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"A society built on green design, sustainable energy and closed loop systems, a civilization afloat on a cloud of efficient, non-toxic, recyclable technology." ~~Alex Nikolai Steffan

10.18.2007

Biomass, wood pellets and exporting our energy resources

Recently the Palm Beach Post reported a conversation between the British Consulate and Florida Power and Light Group, Inc., and indicated that FPL has sold products to biofuel and other renewable energy technology companies, according to the head of trade and investment in Texas and Florida for the British Consul General.

Reference was also made to a biomass operation in north Florida (St. Joe) that will convert biomass timber into wood pellets (made from compressed saw dust) for fuel and that the plant plans to ship the wood pellets to Europe (while Florida imports a significant portion of its energy). Since 2005, in the US, demand exceeds the supply of wood pellets as fuel for specially adapted wood stoves that burn these pellets. Pellet burning stoves, originally more efficient that conventional wood burning stoves, now are closer in efficiency to the newer models of stoves. Given the cost of wood pellets in the US, it may not be an alternative as a "green" energy choice.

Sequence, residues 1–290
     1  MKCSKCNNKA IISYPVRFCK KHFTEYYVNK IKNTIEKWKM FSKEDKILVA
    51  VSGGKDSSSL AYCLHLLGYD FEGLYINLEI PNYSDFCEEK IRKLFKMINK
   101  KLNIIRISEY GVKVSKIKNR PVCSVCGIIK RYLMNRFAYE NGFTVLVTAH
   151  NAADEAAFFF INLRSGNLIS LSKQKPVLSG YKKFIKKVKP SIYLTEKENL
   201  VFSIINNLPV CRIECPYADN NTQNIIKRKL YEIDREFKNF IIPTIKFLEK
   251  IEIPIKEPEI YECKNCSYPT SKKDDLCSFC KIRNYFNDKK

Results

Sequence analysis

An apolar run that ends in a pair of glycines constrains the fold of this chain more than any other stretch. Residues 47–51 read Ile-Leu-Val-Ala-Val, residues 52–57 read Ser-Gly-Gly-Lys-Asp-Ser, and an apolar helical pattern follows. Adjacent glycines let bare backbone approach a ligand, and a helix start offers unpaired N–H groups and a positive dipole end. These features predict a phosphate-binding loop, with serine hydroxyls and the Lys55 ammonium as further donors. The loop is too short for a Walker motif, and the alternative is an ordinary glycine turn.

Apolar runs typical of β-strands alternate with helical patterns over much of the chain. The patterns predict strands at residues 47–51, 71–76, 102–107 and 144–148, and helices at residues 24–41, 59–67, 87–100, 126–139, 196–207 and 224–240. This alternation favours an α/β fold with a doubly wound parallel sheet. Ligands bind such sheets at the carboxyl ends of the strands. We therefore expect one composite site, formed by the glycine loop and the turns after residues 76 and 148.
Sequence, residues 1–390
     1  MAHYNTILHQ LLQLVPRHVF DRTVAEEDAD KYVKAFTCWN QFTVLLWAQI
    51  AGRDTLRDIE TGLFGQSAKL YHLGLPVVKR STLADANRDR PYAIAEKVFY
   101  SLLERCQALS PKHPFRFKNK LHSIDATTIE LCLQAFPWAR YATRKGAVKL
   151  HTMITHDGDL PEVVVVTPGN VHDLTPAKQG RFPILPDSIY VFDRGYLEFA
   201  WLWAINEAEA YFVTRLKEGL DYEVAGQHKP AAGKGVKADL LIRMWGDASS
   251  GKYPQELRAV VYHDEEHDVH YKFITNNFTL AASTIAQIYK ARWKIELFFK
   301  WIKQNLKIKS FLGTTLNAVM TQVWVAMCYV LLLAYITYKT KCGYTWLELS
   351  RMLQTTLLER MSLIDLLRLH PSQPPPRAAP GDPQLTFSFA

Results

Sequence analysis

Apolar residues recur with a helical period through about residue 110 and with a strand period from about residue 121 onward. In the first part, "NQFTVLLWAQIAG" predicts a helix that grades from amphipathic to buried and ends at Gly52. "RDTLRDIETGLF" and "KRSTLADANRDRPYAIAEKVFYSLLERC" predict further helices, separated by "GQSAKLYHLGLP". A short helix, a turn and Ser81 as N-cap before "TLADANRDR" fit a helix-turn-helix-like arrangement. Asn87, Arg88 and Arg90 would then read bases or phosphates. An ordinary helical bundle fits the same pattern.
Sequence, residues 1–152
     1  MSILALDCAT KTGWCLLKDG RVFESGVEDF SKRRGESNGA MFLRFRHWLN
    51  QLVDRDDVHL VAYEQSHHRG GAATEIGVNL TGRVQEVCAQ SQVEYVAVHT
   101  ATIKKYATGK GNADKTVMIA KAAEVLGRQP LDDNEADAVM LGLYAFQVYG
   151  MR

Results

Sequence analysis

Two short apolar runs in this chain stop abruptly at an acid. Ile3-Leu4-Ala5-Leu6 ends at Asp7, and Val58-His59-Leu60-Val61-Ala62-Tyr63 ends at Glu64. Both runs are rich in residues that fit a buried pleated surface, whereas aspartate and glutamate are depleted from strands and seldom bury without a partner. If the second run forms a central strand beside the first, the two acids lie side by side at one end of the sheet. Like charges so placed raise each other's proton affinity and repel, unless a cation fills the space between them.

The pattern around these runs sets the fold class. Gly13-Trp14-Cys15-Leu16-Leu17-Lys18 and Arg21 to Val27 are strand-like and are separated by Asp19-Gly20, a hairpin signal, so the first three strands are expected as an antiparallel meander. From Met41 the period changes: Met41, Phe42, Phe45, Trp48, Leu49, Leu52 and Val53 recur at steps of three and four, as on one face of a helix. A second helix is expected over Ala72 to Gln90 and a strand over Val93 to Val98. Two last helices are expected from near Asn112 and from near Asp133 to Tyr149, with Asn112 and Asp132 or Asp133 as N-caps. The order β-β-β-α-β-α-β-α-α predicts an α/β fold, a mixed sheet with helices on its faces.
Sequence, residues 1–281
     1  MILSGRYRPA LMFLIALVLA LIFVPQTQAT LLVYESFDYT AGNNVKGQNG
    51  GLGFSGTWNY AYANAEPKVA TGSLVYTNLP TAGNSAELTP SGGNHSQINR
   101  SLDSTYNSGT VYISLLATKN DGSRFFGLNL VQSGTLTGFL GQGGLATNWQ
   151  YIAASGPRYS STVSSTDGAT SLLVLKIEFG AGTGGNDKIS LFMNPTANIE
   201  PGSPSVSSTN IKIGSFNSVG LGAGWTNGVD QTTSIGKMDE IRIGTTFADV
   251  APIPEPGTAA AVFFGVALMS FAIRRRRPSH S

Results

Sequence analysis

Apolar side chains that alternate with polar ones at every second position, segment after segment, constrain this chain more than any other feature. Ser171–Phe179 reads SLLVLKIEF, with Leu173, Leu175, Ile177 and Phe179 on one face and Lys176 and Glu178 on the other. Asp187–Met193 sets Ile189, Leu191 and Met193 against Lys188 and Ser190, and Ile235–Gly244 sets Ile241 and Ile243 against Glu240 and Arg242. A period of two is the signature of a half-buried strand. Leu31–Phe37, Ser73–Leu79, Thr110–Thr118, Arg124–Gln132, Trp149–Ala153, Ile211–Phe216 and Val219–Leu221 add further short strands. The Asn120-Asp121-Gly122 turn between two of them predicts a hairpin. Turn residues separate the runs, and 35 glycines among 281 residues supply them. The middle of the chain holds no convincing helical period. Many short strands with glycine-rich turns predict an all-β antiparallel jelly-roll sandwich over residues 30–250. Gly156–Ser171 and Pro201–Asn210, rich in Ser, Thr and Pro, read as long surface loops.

Costa Rica has launched a large wood pellet production effort backed by the UN.to convert large stockpiles of sawdust and other polluting residues from wood industries into the profitable pellets. Sawmills in these countries occupy large amounts of space and often pollute local rivers, while their decay leads to emissions of methane contributing to greenhouse gas. In some cases, the residues can ignite spontaneously.

However,
another question is cutting down virgin rainforest creating these large stockpiles of sawdust being touted as a new "green" energy source?

It's of interest to note that over 20 years ago, scientists (P H Smith, University of Florida and J R Frank, T D Hayes of the Gas Research Institute) documented small field plant experiments in 1985 using invasive water hyacinths. A biomass-to methane system had the potential to produce all the 1982 gas needs for the Lake Apopka district north of Orlando. "If new technologies are developed providing lower cost than unconventional natural gas, gas from advance coal gasification processes and methane from biomass these sources will become supplements. . .by 2010." But, as we know, those investments in new technologies weren't made in the '80's and the old is once again new.



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